Measurement of variables

Variables were collected from three sources: (1) a baseline interview that took place on recruitment: questions that formed this interview were translated into isiZulu and backtranslated into English to ensure equivalence of meaning (2) routinely held programme data held in a monthly updated database, and (3) DSA data: demographic information is collected biannually and entered into a DSA database for the approximately 90, 000 individuals who are member of households within the area.

Variables were chosen due to observed relationships with attrition or LTFU in previous studies or their potential relationship with LTFU. The main psychosocial variables were:

  1. Stigma. 24 questions were adapted from Sayles et al [32] (e.g., ‘I feel ashamed to tell people that I have HIV’) with the options ‘agree’, ‘disagree’ or ‘no opinion’. The choice of the final questions was informed by a consultation process with isiZulu speaking individuals from the same community as participants, who gave advice on meaning and language. Scores were added to form a scale with a total score (out of 72). Scale reliability was good (α = 0.75).
  2. Reason for testing. Participants were asked what the main reason was for deciding to test for HIV. A list of possible reasons was provided. These were grouped into:
    1. Self-initiated: non-sickness. e.g., ‘Easy access’, ‘Wanted to know status’.
    2. Self-initiated: sickness. e.g., ‘I was sick/having symptoms’.
    3. Other-initiated. e.g., ‘pregnant/tested at antenatal clinic’, ‘partner required I got tested’.
  3. Social support. Five questions, derived from Myer et al [33], covering frequency of contact with and reliance on family members/friends, personal disclosure to friends/family, and the availability of confidants were used. They were considered as separate questions due to differences in response options and low inter-item correlations (in comparison with Myer et al [33] who summed the items to form a scale).
  4. Social capital. This refers to an individual's connections (structural) and trust/reciprocity (cognitive) with others [34]. Questions were based on Pronyk et al [35]. Three structural questions asked about frequency of time spent with neighbours, frequency of crime in the neighbourhood and community group participation. Two cognitive questions asked about neighbours' commitment to community projects, and problem-solving for community problems. These five questions were considered separately due to differences in response options and low inter-item correlations (in comparison with Pronyk et al [35]who formed composite variables for each dimension).
  5. Antiretroviral Therapy. Three aspects were assessed:
    1. Personal knowledge of others taking ART.
    2. HIV optimism. One question (adapted from Elford et al [36]) - ‘I am less worried about HIV now that treatment is available’: ‘agree’, ‘disagree’ or ‘no opinion’.
    3. ART/HIV knowledge. Eight questions, e.g., ‘Sometimes ART can cause side effects that make people feel worse’: ‘agree’, ‘disagree’ or ‘no opinion’. Scores were added to provide a total score to form a scale (out of 24). Scale reliability was poor to fair (α = 0.44).
  6. Other baseline variables. Information was collected on age, gender, number of current sexual relationships, employment, clinic, education, TB status, duration since HIV diagnosis, marital status, religious affiliation and importance, extent of HIV disclosure (the number of categories of those disclosed to, e.g. partner, friend, family), partner satisfaction (measured with a 10-item scale: α = 0.75), most recent partner (age differential, location, HIV disclosure and HIV status), government grants and migration.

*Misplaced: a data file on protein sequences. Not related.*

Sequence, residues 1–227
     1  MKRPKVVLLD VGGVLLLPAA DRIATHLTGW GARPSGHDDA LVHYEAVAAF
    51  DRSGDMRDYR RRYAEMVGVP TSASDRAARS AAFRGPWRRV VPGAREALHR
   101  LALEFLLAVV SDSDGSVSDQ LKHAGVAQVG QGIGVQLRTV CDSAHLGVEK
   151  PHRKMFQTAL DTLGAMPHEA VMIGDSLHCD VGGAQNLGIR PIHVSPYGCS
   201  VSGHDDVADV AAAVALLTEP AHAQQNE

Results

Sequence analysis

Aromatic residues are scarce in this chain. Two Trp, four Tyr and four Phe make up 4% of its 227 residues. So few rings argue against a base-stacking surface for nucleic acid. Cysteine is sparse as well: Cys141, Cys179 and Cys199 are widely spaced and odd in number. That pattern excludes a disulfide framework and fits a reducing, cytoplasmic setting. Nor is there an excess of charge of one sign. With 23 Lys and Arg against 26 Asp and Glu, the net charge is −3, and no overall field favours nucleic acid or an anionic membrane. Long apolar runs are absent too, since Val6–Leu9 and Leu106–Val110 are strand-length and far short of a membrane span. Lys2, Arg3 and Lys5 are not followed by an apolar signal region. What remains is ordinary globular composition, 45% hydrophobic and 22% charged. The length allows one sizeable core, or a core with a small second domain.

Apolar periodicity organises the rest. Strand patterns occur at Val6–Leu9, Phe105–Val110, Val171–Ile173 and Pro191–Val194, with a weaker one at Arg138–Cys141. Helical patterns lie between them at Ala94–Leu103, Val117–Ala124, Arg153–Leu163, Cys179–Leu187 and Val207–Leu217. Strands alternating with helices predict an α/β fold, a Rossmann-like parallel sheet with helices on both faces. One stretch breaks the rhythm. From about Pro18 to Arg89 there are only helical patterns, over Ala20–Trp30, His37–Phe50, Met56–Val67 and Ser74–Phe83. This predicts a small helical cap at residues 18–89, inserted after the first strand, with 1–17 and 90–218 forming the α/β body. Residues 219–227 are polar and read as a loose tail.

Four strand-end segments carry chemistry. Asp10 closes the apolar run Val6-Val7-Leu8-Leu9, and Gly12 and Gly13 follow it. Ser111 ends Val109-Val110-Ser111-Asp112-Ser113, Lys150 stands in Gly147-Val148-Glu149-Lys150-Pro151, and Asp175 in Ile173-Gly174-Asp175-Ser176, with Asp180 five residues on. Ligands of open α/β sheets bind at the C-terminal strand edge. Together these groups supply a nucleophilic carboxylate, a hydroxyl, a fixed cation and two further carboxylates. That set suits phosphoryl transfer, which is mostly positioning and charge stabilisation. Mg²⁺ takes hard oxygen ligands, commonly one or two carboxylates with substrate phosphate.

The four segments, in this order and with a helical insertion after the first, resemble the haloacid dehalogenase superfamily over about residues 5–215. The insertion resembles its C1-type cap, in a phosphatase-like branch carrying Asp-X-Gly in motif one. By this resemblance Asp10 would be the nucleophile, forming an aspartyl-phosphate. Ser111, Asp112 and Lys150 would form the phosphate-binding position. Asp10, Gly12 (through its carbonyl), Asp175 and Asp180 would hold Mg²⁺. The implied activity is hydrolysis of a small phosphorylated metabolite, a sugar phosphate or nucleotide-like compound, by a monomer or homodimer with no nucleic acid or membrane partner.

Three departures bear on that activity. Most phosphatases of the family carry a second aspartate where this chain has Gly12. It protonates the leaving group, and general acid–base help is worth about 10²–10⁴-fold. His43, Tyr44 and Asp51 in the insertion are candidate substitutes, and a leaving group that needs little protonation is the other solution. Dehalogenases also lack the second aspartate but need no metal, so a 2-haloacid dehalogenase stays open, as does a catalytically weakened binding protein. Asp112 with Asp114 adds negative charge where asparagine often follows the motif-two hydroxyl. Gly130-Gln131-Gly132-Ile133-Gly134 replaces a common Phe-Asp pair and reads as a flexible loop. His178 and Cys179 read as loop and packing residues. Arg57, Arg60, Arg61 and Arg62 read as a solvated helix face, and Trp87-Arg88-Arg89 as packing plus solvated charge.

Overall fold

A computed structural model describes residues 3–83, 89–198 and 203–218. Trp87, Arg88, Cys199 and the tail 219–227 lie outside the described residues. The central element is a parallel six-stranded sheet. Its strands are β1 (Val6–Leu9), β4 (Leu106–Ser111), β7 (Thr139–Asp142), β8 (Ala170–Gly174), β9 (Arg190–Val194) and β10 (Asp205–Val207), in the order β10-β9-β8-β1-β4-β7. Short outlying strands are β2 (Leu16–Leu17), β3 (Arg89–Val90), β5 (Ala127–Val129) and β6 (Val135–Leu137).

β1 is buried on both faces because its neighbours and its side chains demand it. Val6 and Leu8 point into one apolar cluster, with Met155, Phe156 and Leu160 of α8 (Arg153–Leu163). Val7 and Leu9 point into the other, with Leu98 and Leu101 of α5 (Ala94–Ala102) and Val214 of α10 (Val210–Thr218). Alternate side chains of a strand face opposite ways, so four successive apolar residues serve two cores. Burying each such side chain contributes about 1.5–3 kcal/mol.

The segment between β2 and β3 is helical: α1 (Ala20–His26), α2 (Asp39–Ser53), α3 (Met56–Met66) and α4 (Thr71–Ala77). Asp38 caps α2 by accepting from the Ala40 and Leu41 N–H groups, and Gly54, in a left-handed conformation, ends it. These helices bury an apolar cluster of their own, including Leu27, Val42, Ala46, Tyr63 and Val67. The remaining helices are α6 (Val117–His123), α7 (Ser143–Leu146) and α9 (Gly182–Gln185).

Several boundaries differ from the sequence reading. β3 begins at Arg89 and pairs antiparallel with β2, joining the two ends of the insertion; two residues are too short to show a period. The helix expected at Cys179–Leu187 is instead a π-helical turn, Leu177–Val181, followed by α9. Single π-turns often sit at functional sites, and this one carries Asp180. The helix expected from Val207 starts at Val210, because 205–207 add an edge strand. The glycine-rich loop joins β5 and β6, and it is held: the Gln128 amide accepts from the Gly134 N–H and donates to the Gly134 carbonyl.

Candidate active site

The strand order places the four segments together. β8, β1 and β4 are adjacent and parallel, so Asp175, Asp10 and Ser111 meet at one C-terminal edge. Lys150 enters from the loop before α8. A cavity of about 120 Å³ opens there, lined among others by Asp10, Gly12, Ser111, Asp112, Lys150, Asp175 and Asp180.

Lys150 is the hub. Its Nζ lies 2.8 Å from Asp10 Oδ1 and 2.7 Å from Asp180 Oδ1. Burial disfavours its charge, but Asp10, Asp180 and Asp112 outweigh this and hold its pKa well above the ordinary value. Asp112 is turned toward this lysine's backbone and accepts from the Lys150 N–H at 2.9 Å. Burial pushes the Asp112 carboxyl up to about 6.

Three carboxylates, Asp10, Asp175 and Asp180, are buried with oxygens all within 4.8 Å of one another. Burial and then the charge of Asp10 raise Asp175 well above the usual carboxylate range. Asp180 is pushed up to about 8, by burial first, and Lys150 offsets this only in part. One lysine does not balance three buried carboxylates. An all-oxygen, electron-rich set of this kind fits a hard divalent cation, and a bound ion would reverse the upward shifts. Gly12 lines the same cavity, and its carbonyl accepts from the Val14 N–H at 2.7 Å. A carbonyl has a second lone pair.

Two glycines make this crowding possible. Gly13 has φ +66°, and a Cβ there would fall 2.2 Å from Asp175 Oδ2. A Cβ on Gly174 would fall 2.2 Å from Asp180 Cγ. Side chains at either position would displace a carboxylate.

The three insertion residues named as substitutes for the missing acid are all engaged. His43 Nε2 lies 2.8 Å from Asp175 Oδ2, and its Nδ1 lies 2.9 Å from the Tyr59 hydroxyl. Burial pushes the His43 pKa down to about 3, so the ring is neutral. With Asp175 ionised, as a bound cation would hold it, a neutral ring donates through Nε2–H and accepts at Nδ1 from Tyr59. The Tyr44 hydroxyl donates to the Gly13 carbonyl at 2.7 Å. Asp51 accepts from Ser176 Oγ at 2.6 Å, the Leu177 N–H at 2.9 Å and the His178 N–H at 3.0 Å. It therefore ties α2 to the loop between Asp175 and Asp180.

Outcomes

The ART programme database was used to define all outcomes, with verification of outcome by cross-checking with the DSA database and the study database. Participants were considered LTFU if they had not attended clinic in the last 90 days, or in the 90 days before death, and excluded transfers out of the programme. The entry date was the date of recruitment. The end of observation date was the last clinic date (for LTFU) and the death date (if the individual had not met the criteria for LTFU before their death). People who were transferred out were censored at last clinic visit and those who were retained in the programme were censored at the study end date (13th January 2013).

Analysis

Analysis used STATA 11 [37]. Distributions of four quantitative variables were examined for normality. ART knowledge and partnership satisfaction were skewed (p<0.01 for both) and were therefore categorised. Age was also skewed (p<0.01) and was considered both as age bands and as a continuous variable in univariable analysis. Stigma was normally distributed (p = 0.23). This variable was considered as a continuous variable and also grouped into quartiles (as linearity could not be assumed on the basis of univariable analysis).

Univariable associations, using Cox Regression (to accommodate varying follow-up times) were carried out between LTFU and (a) stigma (as a continuous variable and quartiles) (b) other baseline variables. Multivariable analysis was then conducted, using Cox Regression, with the inclusion of stigma quartiles (as the categorical term was more closely related to LTFU than the continuous variable), gender and age (as a continuous variable, to preserve degrees of freedom and given the closer relationship to LTFU than age bands). Additional variables with univariable relationships with LTFU of p<0.10 were then added in descending order of the strength of relationship with LTFU. These variables were retained if they improved model fit (using Likelihood Ratio Tests). Variables that were dropped during the model building process were added to the final model to examine whether they improved model fit (and were retained if they did so).